As our clients know, the National Labor Relations Board (“NLRB”) does not only regulate unionized workforces. The Board’s rulemaking and legal decisions affect all workplaces: both unionized and non-union.
Just in time for all of us to “spring forward,” on February 26, 2020, the NLRB issued its final rule on the much debated joint-employer standard. The announcement of this final rule arrives after more than five months of notice and comment rulemaking. It goes into effect on April 27, 2020.
The trend is clear: the “new” Board is bringing the “old” Board back: 2020, meet 2010. For the past eight plus years, the “old” Board (with a Democratic majority under former President Barack Obama) issued labor-friendly decisions affecting all employers, with an unprecedented impact on non-union workplaces. Now, it appears that the “new” Board is returning to neutrality.
How did we get here?
You might recall our 2015 Labor & Employment E-Note updating you on the NLRB’s decision in the representation case styled Browning-Ferris Industries of California, Inc. v. Sanitary Truck Drivers & Helpers Local 350, International Brotherhood of Teamsters, No. 32-RC-109684 (NLRB August, 27, 2015). There, the Board held that Browning-Ferris Industries (BFI) was the “joint employer” of third-party Leadpoint Business Services, LLC’s (Leadpoint) contingent, or “temp,” workers for purposes of determining which employer or employers bore a bargaining obligation to a union in the event the union obtained a majority of support. The 2015 decision created a sea change in how joint employment was determined. Specifically, under the NLRB’s 2015 standard, “two or more entities are joint employers of a single workforce if (1) they are both employers within the meaning of the common law [i.e., they both control or have the potential to control working conditions or wages]; and (2) they share or 2 codetermine those matters governing the essential terms and conditions of employment.” Most importantly, an entity such as BFI need only “possess the authority” to “control” working conditions of the other’s employees – not actually exercise it.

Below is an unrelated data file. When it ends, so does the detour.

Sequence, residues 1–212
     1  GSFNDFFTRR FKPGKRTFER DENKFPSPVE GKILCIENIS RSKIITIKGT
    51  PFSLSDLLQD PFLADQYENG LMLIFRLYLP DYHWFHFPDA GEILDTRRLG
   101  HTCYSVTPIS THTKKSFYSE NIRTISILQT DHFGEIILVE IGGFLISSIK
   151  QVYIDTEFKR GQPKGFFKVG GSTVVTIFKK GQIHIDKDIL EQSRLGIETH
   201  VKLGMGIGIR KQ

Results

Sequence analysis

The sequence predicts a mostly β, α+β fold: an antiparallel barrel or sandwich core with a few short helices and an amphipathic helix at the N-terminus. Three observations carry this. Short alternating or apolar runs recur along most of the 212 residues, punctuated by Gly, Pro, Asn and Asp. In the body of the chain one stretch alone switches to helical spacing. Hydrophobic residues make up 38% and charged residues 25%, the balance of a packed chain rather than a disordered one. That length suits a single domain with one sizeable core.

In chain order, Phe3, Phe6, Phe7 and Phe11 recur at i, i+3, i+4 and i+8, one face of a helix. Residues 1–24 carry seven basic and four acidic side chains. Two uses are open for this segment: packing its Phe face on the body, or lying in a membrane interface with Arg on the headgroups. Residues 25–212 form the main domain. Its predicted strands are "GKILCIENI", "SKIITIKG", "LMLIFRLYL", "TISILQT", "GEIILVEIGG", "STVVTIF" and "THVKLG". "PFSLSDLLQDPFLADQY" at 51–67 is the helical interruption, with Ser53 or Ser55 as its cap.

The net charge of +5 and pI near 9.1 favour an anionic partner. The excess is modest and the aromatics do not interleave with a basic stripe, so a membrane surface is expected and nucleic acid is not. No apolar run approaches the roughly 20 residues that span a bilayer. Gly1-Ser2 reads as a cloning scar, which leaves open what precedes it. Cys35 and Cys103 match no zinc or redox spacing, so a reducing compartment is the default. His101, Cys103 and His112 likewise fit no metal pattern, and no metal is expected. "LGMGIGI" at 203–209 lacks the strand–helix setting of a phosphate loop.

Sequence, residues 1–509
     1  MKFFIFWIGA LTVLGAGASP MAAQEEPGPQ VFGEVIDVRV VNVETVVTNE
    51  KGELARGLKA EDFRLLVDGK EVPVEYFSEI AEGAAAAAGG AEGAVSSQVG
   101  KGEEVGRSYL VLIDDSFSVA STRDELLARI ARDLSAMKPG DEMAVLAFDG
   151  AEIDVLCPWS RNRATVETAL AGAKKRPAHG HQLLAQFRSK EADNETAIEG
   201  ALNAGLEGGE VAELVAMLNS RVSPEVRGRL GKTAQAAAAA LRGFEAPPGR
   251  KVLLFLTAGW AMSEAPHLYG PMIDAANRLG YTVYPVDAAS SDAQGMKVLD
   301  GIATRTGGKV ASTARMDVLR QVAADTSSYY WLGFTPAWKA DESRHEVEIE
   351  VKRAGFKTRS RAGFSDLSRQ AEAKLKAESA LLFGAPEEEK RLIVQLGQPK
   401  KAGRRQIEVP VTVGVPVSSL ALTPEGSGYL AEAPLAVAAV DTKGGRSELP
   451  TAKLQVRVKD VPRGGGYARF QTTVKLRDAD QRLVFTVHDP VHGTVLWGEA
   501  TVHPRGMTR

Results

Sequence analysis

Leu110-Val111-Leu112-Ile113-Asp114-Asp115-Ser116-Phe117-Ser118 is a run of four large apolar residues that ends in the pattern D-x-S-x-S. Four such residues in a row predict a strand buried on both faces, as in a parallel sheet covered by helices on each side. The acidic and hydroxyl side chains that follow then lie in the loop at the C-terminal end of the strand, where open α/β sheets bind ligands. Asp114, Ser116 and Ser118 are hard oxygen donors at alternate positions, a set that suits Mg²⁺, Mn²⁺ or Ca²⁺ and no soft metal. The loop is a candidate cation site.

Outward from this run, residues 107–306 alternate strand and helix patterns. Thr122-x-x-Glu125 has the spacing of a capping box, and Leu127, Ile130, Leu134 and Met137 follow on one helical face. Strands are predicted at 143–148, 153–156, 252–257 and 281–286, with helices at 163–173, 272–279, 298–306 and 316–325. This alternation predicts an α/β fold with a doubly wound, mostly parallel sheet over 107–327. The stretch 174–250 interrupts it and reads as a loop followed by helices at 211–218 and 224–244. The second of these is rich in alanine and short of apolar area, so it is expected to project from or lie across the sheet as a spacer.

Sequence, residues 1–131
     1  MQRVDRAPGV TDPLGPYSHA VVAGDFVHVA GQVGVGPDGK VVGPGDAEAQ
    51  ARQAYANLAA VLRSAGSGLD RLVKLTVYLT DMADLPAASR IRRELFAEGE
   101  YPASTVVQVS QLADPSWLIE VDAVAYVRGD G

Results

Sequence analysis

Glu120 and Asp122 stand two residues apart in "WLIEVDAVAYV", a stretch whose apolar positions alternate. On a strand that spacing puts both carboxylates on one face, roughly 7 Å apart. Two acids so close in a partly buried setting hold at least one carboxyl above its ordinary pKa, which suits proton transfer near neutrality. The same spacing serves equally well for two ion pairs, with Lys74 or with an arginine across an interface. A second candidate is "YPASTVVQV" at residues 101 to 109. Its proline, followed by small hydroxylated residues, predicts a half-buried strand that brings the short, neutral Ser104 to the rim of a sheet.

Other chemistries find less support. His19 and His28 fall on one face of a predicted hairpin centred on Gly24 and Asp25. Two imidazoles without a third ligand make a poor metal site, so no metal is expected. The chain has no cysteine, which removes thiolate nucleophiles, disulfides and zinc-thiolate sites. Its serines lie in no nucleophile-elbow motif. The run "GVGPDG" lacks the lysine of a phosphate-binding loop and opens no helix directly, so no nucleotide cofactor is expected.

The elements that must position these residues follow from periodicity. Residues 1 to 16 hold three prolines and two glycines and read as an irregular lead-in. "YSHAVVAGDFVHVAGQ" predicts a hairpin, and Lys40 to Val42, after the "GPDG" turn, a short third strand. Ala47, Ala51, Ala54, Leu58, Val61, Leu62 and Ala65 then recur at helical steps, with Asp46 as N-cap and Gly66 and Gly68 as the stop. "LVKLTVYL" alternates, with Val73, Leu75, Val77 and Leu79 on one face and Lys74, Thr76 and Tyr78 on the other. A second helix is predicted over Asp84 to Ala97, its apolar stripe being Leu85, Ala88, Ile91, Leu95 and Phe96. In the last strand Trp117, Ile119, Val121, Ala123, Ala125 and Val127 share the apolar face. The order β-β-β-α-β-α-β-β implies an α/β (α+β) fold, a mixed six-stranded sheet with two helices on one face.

Why was this decision so controversial? First, as the Board noted in the decision, this change potentially impacted the jobs of 5.7 million contingent workers, 8.1 million franchisee workers, and thousands of business relationships. Second, it represented a step toward the unions’ dream of inclusion of temps and customer employees in the same bargaining unit. Third, multiple employers (e.g. host employers and temporary employers) were not clear on what their legal responsibilities were. Being a “joint employer” could create legal liability for their co-employers’ decisions, and even create affirmative obligations on each employer.
So, where are we now?
The 2020 joint employment standard establishes that an employer “may be considered a joint employer of a separate employer’s employees only if the two employers share or codetermine the employees’ essential terms and conditions of employment.” (emphasis added). Notably, this standard completely eliminates the mere “possession” element from 2015. It clarifies that to be a joint employer, a business must possess and exercise substantial direct and immediate control over one or more essential terms and conditions of employment of another employer’s employees. What’s more, it provides helpful definitions for key terms, including what are considered “essential terms and conditions of employment,” and what does, and what does not, constitute “direct and immediate control.” The final rule also establishes that control exercised on a sporadic, isolated, or de minimis basis is not “substantial.”
The inquiry still remains highly fact-specific, so caution going forward is necessary. Have you evaluated your temp and franchise relationships?